Watchdog seeks clarity on Central Bank cases

KABUL (TOLOnews): A Kabul-based monitoring organization criticized a delay in the assessment of corruption cases in the state-owned Central Bank, saying the issue needs to be made clear as quickly as possible.

Five officials of the bank, including the deputy governor, Wahid Nosher, were removed from their posts all in less than two weeks in May.

The acting governor of the bank, Ajmal Ahmadi, in a tweet on July 1 said the first four officials were removed based on the decision of the Central Bank’s Supreme Council “in connection with seven corruption cases, three notifications, and two warnings.”

He said the case of the “former” deputy governor Wahid Nosher was sent to the Presidential Palace.

Based on Article Seven of Da Afghanistan Bank Law (Central Bank), the bank is led by a group known as the Supreme Council, which has seven members. This includes the governor – who also heads the Supreme Council– the first deputy, and five other members (including a second deputy).

Article Seven of the law also says that all members of the Supreme Council shall be appointed by the president “with the consent of the parliament.”

Each member of the council can serve a five-year term that is extendable, based on this law.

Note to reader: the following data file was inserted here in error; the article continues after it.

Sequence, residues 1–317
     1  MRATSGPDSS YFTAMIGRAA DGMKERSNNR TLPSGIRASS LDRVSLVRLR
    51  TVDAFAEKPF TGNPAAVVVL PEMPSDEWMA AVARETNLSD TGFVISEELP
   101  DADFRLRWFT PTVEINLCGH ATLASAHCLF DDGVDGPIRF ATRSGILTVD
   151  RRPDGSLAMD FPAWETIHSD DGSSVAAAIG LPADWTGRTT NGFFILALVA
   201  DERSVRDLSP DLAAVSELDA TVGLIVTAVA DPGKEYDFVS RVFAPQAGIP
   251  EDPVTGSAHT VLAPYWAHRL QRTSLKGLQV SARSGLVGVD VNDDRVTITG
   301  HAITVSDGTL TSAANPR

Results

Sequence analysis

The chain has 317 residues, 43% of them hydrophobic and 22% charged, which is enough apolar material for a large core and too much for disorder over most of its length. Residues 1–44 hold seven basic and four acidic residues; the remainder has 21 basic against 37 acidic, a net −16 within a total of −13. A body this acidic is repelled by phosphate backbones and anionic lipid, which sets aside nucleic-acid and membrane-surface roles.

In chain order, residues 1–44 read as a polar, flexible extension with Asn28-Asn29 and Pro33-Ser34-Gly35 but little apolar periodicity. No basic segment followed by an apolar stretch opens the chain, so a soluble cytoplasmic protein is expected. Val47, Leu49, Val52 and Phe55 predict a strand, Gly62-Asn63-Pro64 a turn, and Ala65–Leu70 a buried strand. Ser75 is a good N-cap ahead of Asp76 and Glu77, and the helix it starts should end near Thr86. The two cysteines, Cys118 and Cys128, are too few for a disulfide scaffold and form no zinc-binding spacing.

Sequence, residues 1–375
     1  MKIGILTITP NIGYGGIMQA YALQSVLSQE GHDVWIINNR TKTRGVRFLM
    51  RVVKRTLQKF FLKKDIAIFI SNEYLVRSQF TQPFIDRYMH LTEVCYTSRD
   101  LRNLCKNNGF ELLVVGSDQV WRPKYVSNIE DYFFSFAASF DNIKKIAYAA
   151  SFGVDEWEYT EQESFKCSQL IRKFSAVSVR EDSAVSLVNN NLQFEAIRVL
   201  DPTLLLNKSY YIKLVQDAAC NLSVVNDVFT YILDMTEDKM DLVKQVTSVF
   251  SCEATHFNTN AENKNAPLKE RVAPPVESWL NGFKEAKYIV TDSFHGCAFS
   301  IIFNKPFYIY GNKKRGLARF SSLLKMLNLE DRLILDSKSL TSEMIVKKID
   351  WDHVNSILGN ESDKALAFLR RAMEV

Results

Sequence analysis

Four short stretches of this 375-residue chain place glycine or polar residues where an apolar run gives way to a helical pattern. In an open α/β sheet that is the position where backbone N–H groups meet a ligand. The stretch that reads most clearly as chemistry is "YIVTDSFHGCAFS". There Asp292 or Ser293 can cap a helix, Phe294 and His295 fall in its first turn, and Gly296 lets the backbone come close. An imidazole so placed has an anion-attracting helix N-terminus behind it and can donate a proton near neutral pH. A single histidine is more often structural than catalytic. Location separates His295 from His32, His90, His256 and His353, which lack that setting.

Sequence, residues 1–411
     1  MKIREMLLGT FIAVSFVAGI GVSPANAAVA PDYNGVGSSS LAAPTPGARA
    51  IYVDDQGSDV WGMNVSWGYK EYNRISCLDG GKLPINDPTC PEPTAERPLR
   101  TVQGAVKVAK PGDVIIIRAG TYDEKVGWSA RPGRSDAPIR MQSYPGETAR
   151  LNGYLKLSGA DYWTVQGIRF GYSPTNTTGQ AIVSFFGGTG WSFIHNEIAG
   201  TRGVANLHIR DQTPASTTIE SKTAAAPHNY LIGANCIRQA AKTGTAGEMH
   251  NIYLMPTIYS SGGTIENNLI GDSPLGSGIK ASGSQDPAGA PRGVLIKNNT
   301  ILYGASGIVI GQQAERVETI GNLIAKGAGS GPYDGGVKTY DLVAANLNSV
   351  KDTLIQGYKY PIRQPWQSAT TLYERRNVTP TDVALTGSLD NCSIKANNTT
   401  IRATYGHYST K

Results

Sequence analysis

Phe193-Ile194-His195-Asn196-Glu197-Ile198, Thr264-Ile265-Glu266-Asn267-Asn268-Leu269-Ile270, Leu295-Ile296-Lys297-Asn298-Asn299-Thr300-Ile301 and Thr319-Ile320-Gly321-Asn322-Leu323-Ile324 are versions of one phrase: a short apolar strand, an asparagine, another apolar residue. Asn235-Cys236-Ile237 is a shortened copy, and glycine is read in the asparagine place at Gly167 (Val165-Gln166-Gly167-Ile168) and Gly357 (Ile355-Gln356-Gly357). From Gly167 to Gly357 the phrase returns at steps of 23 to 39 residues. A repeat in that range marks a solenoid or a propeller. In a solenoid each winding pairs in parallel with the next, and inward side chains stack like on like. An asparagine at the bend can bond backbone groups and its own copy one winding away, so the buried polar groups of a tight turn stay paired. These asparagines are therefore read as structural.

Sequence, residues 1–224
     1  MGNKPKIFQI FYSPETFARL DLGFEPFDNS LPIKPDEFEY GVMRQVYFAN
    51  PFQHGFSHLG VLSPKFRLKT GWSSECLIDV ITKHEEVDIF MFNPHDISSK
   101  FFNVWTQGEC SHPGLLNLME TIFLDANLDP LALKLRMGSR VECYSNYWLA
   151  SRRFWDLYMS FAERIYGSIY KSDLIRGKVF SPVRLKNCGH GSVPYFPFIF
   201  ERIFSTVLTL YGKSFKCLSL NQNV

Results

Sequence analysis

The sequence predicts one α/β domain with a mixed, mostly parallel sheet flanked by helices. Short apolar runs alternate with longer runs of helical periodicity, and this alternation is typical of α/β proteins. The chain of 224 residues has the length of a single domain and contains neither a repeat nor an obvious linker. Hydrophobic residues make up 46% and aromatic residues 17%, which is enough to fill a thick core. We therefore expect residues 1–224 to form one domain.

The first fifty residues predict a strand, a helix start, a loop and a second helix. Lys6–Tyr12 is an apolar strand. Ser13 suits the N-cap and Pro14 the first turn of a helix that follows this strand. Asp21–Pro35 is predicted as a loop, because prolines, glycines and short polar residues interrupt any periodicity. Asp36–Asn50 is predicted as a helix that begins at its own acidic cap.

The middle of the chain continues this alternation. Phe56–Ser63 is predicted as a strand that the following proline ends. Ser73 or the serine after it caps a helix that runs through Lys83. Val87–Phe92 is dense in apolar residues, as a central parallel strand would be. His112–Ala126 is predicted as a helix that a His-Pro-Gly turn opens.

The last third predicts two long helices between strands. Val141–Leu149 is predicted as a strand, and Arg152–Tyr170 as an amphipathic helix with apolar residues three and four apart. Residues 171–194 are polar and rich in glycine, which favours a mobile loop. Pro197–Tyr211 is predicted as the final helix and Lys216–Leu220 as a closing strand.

Article 12 of the law says that the governor, the first deputy governor, and any other member of the Supreme Council, shall be suspended or removed by the president.

Sources told TOLOnews that Ahmadi in a new move has dismissed at least 10 heads of departments, deputies and managers of the bank. Among those dismissed recently is the head of the money intelligence department of the Central Bank, the payments director, the deputy head of Islamic banking department, the deputy head of financial monitoring, the deputy head of credit stability, the manager of Central Bank services, and the manager of monetary institutions assessment.

Nasir Taimuri, a researcher at Integrity Watch Afghanistan, said “reforms should be carried out through consultation with involved sides, with transparency and accountability.”

“We cannot call personal and symbolic moves reforms,” he added.

“The law should find its place in public service institutions. Violating the law will reduce the trust of government officials,” said Aimal Ashoor, former manager of the head office of the Central Bank, referring to recent dismissals in the bank.

The Central Bank did not comment despite repeated attempts by TOLOnews.

Meanwhile, the Attorney General’s Office said its assessments on the cases of corruption charges in the Central Bank has started.

The AGO spokesman Jamshid Rasuli said: “The cases have been handed to the relevant attorney.”

Critics said that the recent issues in the Central Bank will affect people’s trust in the monetary system and that it needs to be solved as quickly as possible.

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